As several Iranian cities were hit by power outages that led to protests, Iranian officials have scrambled to take action and assign blame.
At a cabinet meeting July 7, President Hassan Rouhani talked about the energy needs of the country and plans to increase its energy output through infrastructure investment. However, he said that due to the sanctions that former US President Donald Trump put on Iran, the $4.5 billion in investment that was ready for the energy sector never materialized. He never clarified where the money was supposed to come from.
Rouhani continued that Iran’s refusal to sign the bills that would bring the country into compliance with the Financial Action Task Force has made it difficult for Iran to conduct banking transactions, which has led to a suspension of infrastructure investments. The Rouhani administration was an advocate of the bills but hard-liners in the country argued that signing them would give foreign countries too much access to Iran’s banking information.
In his final weeks in office, Rouhani made on more push for signing the FATF bills, saying, “We became victorious in the economic war but the issue of sanctions remains, which is in our hands.” He added, “Some of it is in others' hands but we are primarily [responsible]. We can make a decision this week and finish it.”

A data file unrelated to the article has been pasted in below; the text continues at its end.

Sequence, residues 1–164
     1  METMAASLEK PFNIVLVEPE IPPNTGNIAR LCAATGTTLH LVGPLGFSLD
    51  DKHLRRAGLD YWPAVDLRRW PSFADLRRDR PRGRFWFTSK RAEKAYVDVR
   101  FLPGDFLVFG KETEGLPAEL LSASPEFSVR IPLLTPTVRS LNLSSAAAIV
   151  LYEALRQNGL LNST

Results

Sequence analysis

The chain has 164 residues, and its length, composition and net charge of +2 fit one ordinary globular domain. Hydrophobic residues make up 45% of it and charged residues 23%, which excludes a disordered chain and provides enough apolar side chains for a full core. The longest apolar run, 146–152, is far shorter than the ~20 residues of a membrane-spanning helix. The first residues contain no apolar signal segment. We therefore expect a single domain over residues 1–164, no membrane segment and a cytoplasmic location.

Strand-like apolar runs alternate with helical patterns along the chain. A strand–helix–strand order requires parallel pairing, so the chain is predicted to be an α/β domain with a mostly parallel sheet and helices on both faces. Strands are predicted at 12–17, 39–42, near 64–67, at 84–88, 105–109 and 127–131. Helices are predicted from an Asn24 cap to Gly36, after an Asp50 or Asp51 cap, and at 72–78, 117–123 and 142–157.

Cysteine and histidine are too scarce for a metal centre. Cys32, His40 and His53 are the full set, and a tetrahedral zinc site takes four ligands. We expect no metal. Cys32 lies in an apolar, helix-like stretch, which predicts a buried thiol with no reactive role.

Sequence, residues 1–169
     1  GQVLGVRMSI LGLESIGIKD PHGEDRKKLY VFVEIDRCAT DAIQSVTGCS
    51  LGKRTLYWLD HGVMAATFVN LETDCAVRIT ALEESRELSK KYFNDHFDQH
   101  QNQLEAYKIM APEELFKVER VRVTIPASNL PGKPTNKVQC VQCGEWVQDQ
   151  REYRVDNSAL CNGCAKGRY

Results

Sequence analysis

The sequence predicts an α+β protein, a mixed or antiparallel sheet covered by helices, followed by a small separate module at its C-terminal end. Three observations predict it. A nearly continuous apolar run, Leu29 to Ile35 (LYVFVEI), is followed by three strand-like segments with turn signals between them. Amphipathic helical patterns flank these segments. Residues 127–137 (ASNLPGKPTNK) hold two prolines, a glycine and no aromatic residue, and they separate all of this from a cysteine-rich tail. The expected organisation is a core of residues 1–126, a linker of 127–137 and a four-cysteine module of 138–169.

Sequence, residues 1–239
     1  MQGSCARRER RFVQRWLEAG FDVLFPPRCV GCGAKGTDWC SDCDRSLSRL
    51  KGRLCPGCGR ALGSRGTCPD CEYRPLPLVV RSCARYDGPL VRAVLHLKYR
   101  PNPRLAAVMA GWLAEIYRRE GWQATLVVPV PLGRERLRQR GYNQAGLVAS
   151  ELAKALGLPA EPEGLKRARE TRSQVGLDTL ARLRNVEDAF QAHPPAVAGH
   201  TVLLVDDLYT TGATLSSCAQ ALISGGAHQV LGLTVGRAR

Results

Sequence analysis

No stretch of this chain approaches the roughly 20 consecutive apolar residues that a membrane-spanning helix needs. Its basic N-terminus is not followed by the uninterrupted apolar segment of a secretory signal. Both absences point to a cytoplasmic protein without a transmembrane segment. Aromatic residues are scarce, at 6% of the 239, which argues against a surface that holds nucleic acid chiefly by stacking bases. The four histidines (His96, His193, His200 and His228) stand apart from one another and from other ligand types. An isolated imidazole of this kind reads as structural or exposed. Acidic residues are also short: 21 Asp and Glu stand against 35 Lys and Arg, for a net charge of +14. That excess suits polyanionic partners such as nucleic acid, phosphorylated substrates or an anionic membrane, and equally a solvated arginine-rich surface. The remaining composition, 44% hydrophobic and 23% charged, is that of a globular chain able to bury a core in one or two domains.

After Trump exited the Iran nuclear deal known as the Joint Comprehensive Plan of Action, he restored sanctions on Iran, drastically reducing Iran’s ability to sell its oil and essentially forbidding any other country to invest there or conduct banking transactions with the country. Iran, the United States and the other signatories to the JCPOA are currently holding talks in Vienna to bring the United States back into the deal and bring Iran back into full compliance after it took steps away from the original terms of the agreement.
Whether or not such arguments continue to fall on deaf ears, Iran has immediate energy concerns that must be addressed now. One step announced by the Energy Ministry today was closing all government offices on Thursdays until mid-August. In Iran all offices are closed on Friday, and adding Thursday would close government offices two days a week. Tehran province also announced that workdays would begin earlier. Tehran is situated in a valley and typically gets much hotter in the late afternoons.
Vice President Eshag Jahangiri also said that all ministries of the Rouhani administration would be made available to address to the electricity shortage. He said also that any rolling blackouts will be planned and effected citizens should get 48 hours of notice.